Bristol City v Leeds United: Leaky Robins still pose a threat warns Rosler

Uwe Rosler.
Uwe Rosler.
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Frantic though the fixture list may be at the moment, at least it’s given Leeds coach Uwe Rosler the chance to run the rule over tonight’s hosts Bristol City - not once, but twice. Phil Hay reports.


The only bonus for Uwe Rosler in the midst of a scrambled fixture list was the opportunity to scout Bristol City at close range twice.

Leeds United’s head coach watched their League Cup defeat at Luton Town last Tuesday and took in their concession of four goals at home to Brentford on Saturday. He came away thinking that Steve Cotterill’s side would threaten the Championship’s top 10 this season, despite a league table which shows the Ashton Gate club lodged at the bottom of the pile.

A week in the division has given Cotterill plenty to think about but his board are not hanging their manager out to dry. Last week City bid £6m for Crystal Palace’s Dwight Gayle. Yesterday they submitted an offer of around £8m for Brentford’s Andre Gray. “You see what we are up against,” Rosler said, talking about Bristol City and the Championship in general.

The German thought City should have “beaten Luton in 15 minutes” before collapsing in the second half. He also reckoned Brentford could as easily have been on the wrong end of Saturday’s 4-2 scoreline at Ashton Gate. Rosler will tell his players to be prepared for a fast start at Ashton Gate tonight as City persist with the tactics and the ambition which brought them the League One title last season.

“I’d be quite excited about their style of play,” Rosler said. “I played a similar way with Wigan in the FA Cup the season before last. You have 3-5-2, you have wing backs and it’s a very exciting style of football. I admire Cotterill for the way he set up his team, the way he plays.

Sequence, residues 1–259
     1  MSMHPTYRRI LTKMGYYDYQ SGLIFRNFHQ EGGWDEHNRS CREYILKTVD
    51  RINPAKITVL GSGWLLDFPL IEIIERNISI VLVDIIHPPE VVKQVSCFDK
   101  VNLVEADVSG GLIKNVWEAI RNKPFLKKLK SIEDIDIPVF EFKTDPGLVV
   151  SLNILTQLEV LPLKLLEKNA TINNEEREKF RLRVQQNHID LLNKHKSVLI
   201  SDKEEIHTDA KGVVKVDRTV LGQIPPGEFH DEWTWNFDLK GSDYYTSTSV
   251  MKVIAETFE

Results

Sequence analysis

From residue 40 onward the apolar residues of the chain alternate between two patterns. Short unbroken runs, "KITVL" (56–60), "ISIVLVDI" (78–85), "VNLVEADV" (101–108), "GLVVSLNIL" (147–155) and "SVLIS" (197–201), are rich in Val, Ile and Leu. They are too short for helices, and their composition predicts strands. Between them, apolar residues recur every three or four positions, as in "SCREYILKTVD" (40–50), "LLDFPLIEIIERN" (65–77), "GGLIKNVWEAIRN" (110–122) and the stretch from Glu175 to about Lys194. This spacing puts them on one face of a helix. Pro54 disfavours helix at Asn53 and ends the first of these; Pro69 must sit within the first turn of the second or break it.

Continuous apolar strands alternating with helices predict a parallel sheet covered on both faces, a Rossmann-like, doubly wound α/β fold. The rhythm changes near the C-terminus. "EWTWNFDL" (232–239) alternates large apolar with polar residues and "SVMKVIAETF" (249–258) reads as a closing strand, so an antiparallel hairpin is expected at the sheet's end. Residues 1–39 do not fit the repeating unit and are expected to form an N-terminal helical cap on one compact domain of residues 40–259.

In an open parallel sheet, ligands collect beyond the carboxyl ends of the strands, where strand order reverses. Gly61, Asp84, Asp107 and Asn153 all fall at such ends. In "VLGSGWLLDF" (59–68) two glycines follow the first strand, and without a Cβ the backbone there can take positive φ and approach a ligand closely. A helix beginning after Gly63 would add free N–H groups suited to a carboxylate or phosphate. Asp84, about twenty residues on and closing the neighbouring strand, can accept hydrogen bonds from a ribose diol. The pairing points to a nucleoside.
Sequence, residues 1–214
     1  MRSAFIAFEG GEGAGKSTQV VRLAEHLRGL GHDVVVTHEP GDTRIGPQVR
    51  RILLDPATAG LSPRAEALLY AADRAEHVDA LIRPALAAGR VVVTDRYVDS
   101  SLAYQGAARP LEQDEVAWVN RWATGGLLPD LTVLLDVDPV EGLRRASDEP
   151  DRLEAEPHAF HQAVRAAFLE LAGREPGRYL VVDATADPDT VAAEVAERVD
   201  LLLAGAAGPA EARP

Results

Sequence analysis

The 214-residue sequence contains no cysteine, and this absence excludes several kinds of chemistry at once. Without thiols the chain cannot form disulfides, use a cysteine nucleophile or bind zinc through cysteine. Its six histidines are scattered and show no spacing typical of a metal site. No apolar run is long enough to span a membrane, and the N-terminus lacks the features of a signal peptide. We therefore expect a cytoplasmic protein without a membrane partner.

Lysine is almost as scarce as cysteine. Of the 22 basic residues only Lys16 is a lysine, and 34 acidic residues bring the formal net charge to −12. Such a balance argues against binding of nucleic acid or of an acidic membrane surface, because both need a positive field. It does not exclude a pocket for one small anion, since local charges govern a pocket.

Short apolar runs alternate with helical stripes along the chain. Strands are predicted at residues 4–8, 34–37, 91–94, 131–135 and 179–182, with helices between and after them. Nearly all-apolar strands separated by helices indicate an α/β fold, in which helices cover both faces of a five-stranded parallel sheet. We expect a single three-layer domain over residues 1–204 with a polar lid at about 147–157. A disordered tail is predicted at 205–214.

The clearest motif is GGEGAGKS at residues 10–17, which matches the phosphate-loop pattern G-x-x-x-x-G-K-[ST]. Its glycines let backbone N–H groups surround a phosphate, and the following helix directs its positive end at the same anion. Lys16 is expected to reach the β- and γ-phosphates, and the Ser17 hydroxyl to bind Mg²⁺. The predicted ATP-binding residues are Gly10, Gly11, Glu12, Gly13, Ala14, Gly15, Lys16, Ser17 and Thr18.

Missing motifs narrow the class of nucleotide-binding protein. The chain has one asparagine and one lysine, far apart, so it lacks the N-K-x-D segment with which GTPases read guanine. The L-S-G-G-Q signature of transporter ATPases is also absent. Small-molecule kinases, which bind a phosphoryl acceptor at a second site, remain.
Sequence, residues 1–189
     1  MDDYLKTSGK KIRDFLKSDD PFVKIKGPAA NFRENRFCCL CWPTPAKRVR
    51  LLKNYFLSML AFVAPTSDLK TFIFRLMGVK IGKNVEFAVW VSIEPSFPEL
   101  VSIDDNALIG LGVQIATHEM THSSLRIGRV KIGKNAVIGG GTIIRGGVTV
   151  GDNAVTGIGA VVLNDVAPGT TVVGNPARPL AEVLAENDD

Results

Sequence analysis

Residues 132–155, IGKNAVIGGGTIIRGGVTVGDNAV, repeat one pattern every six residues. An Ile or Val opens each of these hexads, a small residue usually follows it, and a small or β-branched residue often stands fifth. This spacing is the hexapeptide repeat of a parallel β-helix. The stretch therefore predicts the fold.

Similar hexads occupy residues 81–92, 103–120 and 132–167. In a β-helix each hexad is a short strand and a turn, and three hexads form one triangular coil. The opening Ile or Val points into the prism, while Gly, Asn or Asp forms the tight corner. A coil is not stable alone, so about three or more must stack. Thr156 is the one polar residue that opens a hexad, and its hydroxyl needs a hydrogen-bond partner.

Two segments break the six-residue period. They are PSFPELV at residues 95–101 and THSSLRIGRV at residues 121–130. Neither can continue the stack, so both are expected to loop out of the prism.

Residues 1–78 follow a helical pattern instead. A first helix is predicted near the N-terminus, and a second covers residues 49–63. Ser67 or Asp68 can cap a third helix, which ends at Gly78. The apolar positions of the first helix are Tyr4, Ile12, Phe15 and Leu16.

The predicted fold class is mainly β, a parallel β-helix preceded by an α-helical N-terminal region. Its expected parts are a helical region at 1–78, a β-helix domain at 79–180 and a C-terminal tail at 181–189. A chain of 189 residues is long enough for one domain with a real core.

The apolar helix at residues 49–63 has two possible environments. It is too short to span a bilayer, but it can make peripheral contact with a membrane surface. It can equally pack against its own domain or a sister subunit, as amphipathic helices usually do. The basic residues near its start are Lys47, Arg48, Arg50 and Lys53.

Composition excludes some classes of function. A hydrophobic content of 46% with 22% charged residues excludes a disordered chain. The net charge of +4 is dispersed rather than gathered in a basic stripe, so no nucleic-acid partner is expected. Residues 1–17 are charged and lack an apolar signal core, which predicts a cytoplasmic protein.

“Watching them against Luton, they could have won the game in 15 or 20 minutes. I watched them against Brentford and they should have been up 3-0 or 4-0. They’ll do well this season.”

They’re starting games very fast and that’s something we have to be aware of. That will be key. They’ll come at us like a house on fire and it’s very important that we’re mentally strong in the beginning. When you set the team up like (3-5-2) there are some advantages. But there are some areas where you are exposed.”

Leeds did not have the luxury of finding Reading wide open on Sunday afternoon but Rosler argued again that a 0-0 draw at the Madejski Stadium was a “good point”, three days after extra-time in the League Cup at Doncaster Rovers.

United’s first two league games have yielded two points and Rosler said: “Of course we want to win. We go into every game to win. As long as I’m here or wherever I am, I want to win games.

“But sometimes I have to accept a point. I accepted a point at Reading because under the circumstances the result was good. People forget (the circumstances) sometimes and they can tell me whatever they want. Our performance at Reading was good. I’m pretty happy with going into the Bristol game being unbeaten.

“When we played Burnley (on the first day of the season) we had a lot of energy. We stood high up the pitch, forced errors and had chances. Reading was a different scenario. Both teams cancelled themselves out but we had the best chance. It was a more tactical game. My young players did what I asked to get a result.

“I promise that when we come through this programme and have time to refresh, we’ll play high and create chances again for our strikers and for Chris Wood.”

Rosler’s line-up will change again tonight, for tactical reasons and also reasons of fitness. Midfielder Alex Mowatt is likely to be rested and striker Mirco Antenucci is pressing for a start, much as Rosler will continue backing Wood, his £3m signing from Leicester City.

City, meanwhile, are without suspended playmaker Luke Freeman.

“I don’t have to make changes but I will do,” Rosler said, denying that his style of football - “heavy metal”, to use his words - might leave his players prone to tiredness.

“I don’t think my style of football burns people out. I think my style of football is required in the Championship. You need to press, you need to be organised and play. I don’t think we have the team to defend in and around our box permanently.”